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I'm confused about the formula for the force of friction on inclined surface.

It says that $f$ (force of friction) = $\mu N$ (where $\mu$ is the coefficient of the friction).

Is: $$f = mg\cos(a)\mu~?$$

So basically, is Normal force on inclined surface equal to the y component of the gravity force?

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Yes but no.

The normal force on an inclined surface is the component of gravity perpendicular to the surface. That is not the same thing as the $y$ component of the gravity force, unless your coordinate system has $x$ along the surface and $y$ perpendicular to it (which you did not specify).

The equation you wrote is correct, if $a$ is the angle of the incline to the horizontal.

enter image description here

Consider adding a diagram to your question if this does not clear it up for you.

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  • $\begingroup$ Hey, so if i chose the coordinate system along the surface and there is a friction between the box and surface, would the normal force still be the y component of the mg? $\endgroup$ – student123 Oct 21 '15 at 18:21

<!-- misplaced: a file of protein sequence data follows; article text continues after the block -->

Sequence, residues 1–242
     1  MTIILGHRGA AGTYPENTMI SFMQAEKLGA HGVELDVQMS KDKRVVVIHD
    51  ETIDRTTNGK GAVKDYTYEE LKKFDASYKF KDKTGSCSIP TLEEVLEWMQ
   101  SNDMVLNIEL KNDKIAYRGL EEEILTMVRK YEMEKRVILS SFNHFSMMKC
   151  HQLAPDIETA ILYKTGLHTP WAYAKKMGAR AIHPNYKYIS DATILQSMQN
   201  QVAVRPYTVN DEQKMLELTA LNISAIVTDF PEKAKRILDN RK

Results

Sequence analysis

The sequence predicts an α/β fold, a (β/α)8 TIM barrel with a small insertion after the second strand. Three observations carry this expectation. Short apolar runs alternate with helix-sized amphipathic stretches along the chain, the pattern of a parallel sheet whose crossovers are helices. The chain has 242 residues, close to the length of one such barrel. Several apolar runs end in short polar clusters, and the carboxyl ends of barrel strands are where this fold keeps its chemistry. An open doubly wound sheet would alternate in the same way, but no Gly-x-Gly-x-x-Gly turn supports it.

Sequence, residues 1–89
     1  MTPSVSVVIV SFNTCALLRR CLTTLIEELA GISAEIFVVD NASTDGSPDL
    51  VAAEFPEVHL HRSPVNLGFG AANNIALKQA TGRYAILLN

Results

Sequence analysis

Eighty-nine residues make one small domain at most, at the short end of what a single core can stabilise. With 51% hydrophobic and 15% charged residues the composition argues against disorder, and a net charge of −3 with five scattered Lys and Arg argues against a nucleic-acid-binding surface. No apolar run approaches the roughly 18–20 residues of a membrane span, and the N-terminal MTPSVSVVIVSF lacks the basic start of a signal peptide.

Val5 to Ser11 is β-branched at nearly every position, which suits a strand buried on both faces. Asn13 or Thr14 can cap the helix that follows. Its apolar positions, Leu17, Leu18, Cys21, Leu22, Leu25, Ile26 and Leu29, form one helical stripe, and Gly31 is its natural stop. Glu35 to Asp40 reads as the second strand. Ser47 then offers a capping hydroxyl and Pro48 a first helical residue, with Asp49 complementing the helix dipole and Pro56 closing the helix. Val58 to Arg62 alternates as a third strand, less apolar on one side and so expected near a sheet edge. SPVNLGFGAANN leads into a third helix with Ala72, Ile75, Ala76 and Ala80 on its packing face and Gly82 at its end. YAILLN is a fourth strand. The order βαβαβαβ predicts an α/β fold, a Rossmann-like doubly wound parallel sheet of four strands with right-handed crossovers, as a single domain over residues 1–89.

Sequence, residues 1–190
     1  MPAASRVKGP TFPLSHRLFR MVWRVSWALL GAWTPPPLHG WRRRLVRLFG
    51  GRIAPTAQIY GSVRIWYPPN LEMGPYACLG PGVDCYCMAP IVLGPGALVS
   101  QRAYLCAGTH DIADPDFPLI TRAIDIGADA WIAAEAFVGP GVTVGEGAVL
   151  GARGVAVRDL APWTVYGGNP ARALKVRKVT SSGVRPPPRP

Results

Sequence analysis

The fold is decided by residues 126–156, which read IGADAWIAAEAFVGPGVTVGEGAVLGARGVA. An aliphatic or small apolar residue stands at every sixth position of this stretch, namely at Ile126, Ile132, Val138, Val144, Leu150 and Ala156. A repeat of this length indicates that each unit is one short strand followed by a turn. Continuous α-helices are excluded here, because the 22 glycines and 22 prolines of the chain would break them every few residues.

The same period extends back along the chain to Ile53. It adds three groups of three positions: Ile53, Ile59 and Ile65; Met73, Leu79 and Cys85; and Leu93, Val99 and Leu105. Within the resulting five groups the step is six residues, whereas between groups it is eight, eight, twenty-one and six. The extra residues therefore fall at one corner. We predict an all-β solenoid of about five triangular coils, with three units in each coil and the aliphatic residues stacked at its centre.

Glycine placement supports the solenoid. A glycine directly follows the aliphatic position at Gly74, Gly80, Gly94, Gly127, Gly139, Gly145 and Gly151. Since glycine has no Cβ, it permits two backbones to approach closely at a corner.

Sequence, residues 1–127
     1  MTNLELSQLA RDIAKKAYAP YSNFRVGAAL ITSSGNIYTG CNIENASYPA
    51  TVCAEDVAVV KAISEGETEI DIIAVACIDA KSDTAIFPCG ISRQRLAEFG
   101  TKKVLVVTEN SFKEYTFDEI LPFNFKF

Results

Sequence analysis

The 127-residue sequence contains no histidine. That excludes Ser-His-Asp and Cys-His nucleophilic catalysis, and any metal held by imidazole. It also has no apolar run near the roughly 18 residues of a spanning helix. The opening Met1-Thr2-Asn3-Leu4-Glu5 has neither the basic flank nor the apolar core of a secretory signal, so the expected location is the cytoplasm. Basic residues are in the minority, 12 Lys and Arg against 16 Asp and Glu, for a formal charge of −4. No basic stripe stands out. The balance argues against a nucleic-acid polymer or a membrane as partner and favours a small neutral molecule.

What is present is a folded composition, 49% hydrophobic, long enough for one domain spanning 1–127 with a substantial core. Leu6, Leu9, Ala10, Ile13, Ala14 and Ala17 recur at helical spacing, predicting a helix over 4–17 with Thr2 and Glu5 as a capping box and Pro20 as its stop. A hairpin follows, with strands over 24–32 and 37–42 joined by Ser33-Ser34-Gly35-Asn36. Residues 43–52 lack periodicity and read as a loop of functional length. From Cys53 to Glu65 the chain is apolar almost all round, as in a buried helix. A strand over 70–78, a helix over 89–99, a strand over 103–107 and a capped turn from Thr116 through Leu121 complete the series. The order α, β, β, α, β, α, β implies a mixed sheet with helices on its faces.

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We are taking components of the weight of the block. One is perpendicular to the inclined surface and another is parallel. At equilibrium, the normal reaction is equal to the cosine component and the sine component = the frictional force. Now if you take X and Y axes in the perpendicular and parallel to the inclined surface(see the picture) then Normal force=the X component..enter image description here

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The µ part only comes in as the maximum. If you find that the frictional force necessary to keep the system at equilibrium is more than µFn, then the frictional force will be µs Fn (kinetic frictional coefficient), and so your system will be at equilibrium.

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